English Bill

From Wikipedia, the free encyclopedia
Jump to: navigation, search
This article is about the law proposed by William Hayden English. For the New Zealand politician, see Bill English. For other similar names, see William English (disambiguation). For the U.S. bill calling for English as the official language, see English Language Unity Act. For the Quebec bill banning the English language, see Bill 101. For other uses, see English Law (disambiguation).

The English Bill was drafted on April 23, 1858, it was an offer made by the United States Congress to Kansas Territory. Kansas was offered some millions of acres of public lands in exchange for accepting the Lecompton Constitution.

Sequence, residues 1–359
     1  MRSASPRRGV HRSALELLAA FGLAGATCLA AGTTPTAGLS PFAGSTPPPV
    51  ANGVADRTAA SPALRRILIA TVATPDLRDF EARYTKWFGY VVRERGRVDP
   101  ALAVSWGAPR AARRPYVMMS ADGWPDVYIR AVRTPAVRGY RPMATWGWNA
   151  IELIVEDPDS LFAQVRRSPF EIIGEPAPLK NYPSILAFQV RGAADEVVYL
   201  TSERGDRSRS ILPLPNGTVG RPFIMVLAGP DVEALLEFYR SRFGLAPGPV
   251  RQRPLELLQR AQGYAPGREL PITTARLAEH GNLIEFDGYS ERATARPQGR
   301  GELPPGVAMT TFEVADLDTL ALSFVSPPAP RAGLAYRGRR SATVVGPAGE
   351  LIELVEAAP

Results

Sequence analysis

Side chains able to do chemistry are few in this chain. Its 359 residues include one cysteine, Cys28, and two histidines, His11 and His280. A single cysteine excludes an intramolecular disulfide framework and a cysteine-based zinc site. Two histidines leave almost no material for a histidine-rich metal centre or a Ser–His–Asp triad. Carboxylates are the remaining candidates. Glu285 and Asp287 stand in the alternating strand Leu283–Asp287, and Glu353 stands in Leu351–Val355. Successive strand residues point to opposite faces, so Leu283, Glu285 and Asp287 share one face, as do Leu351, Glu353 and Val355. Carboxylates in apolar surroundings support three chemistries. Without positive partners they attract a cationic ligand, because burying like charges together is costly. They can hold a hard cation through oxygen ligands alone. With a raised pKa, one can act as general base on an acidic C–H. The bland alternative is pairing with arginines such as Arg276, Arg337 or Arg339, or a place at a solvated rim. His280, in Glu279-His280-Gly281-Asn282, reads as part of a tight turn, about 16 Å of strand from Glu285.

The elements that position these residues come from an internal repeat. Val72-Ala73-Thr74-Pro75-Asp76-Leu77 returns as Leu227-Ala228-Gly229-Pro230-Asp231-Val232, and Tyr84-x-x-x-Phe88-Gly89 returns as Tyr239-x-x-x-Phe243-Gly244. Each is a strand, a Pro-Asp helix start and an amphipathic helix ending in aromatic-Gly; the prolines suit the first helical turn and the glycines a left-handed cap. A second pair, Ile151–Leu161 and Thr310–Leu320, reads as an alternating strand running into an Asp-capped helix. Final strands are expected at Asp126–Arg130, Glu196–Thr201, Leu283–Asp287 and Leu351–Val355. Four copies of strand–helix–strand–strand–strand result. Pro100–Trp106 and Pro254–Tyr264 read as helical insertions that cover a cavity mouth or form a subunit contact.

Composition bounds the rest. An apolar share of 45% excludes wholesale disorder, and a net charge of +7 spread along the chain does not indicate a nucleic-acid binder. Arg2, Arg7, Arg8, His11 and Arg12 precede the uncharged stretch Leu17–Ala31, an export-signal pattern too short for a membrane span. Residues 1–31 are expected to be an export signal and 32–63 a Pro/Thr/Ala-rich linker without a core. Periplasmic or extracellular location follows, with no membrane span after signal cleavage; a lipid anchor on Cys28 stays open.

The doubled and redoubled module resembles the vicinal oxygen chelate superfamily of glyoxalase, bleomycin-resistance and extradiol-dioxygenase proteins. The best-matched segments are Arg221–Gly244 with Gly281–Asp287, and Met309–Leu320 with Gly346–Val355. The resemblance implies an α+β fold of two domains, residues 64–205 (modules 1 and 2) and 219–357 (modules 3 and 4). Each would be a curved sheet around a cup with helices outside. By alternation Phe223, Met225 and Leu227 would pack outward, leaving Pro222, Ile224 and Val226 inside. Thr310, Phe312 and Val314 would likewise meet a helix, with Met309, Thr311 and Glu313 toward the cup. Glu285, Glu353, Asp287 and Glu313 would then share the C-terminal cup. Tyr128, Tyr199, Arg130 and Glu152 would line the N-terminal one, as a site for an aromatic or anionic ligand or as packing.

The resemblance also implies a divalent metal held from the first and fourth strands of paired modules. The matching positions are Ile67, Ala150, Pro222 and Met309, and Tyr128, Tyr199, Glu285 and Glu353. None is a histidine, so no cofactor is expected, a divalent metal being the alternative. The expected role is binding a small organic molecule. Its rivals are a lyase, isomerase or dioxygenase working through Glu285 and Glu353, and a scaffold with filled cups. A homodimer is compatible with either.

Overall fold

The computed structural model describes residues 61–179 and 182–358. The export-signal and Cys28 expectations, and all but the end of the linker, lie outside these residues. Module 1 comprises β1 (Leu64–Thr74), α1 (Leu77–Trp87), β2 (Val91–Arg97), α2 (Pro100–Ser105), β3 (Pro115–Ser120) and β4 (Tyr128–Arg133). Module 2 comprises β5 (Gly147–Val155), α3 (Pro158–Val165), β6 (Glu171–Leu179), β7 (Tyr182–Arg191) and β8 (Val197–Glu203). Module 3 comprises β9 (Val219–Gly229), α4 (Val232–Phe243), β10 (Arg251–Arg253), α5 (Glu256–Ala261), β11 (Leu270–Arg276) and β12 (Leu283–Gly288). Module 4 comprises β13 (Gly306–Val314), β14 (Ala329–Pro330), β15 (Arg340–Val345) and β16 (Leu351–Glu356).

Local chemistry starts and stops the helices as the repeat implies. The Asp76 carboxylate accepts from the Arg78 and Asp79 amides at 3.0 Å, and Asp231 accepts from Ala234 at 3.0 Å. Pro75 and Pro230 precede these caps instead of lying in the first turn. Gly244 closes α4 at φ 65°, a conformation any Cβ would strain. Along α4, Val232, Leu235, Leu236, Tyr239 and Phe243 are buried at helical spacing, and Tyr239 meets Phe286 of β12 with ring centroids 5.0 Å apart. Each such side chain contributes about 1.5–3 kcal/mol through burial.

The English Bill was introduced by William Hayden English (1822–1896), a Democratic representative in Congress from 1853 to 1861. The bill itself was not a bribe to the degree that it is usually considered to be, as it reduced the grant of land demanded by the Lecompton Ordinance from 23,500,000 to 3,500,000 acres (951,000,000 to 142,000,000 km²), and offered only the normal cession to new states. This grant, however, was conditioned on the acceptance of the Lecompton Constitution, and Congress made no promise of any grant if that Constitution were not adopted.

On the August 21, 1858, by a vote of 11,812 to 1,926, Kansans rejected the offer.[1]

References[edit]

  1. ^ Freehling, William (2007). The Road to Disunion: Volume II. New York: Oxford University Press. p. 142.